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Installation view of Sara Mejia Kriendler's "Mother's Milk," courtesy of the artist and PROXYCO Gallery.
Installation view of Sara Mejia Kriendler's "Mother's Milk," courtesy of the artist and PROXYCO Gallery.
Sara Mejia Kriendler, "Heart of Earth (Corazón de Tierra)," 2021, terracotta, 5 x 7 x 15 inches; courtesy of the artist and PROXYCO Gallery.
New York, Lower East Side

Sara Mejia Kriendler

Sara Mejia Kriendler's "Mother's Milk" is a landscape representative of a spiritual body, used to look at ideas of nurture, nourishment, and creation.

November 16, 2021 - January 8, 2022

For her first solo exhibition at PROXYCO Gallery, the artist Sara Mejia Kriendler presents us with a landscape representative of a spiritual body, which she uses to look at ideas of nurture, nourishment, and creation. Titled “Mother’s Milk,” the show (open through January 8) centers terra-cotta and gold foil, which Kriendler uses in the making of vessels and works drawing from the traditions and history of pre-Colombian artifacts and the cultural significance of gold—topics of interest that are rooted in the Colombian-American artist’s own heritage. Deconstructed across three rooms, viewers at the gallery will find forms suggestive of anatomical parts representing nourishment and healing, including the wall-hanging Hungry Heart (Corazon Hambriento), the Poporo-reminiscent vessels making up Mother’s Milk I, and the tiny field of terra-cotta hands, titled Heart of Earth (Corazón de Tierra).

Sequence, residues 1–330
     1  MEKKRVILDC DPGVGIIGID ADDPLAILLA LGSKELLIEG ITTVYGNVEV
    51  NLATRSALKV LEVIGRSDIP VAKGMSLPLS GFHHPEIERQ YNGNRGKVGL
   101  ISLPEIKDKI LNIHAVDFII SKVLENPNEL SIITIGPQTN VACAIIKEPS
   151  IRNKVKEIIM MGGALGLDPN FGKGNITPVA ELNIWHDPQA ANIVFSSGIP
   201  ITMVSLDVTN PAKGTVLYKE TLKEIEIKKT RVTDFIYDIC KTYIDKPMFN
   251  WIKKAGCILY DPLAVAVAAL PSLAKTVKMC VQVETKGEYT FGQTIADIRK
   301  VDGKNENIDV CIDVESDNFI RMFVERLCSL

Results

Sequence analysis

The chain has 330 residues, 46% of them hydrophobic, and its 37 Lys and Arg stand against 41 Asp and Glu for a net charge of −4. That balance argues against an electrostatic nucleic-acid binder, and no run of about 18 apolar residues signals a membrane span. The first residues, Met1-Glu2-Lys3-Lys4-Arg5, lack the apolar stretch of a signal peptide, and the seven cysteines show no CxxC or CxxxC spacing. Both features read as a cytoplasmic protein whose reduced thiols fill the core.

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121 Orchard St, New York, NY 10002, USA
Nov 16 - Jan 8
PROXYCO Gallery
Sara Mejia Kriendler
Sara Mejia Kriendler's "Mother's Milk" is a landscape representative of a spiritual body, used to look at ideas of nurture, nourishment, and creation.

Exhibitions

New York, Tribeca |Exhibitions

Chando Ao: My I

Pat Phillips: Consumer Reports

In "Consumer Reports,” Pat Phillips navigates the realities and social dynamics of consumer America and our relationship to material goods.

Ruby Neri: Leveled

Ruby Neri’s second solo presentation at Salon 94, “Leveled” features a selection of new paintings and sculptures.

Betty Woodman: House of the South

“House of the South” is an exhibition of the late artist Betty Woodman, featuring her 1996 installation of the same name.

Before Yesterday We Could Fly: An Afrofuturist Period Room

“Before Yesterday We Could Fly: An Afrofuturist Period Room” is a presentation honoring the historic Seneca Village, destroyed to complete Central Park.

Xavier Veilhan: Autofocus

Xavier Veilhan’s “Autofocus” marks a departure from the faceted figures that have frequented the artist’s practice for the last several years, replacing them with smooth, edgeless sculptural forms.

New Museum Triennial: Soft Water Hard Stone

New Museum’s Triennial “Soft Water Hard Stone” features works centering states of transformation and our relationship with the natural world.

Hilma af Klint: Tree of Knowledge

“Tree of Knowledge” is an exhibition of rare works centered around Hilma af Klint’s series on paper, which bears the same name.

Ruth Asawa: All Is Possible

At David Zwirner’s 537 West 20th Street location, the gallery is presenting an exhibition of the late artist Ruth Asawa, titled “All Is Possible.”

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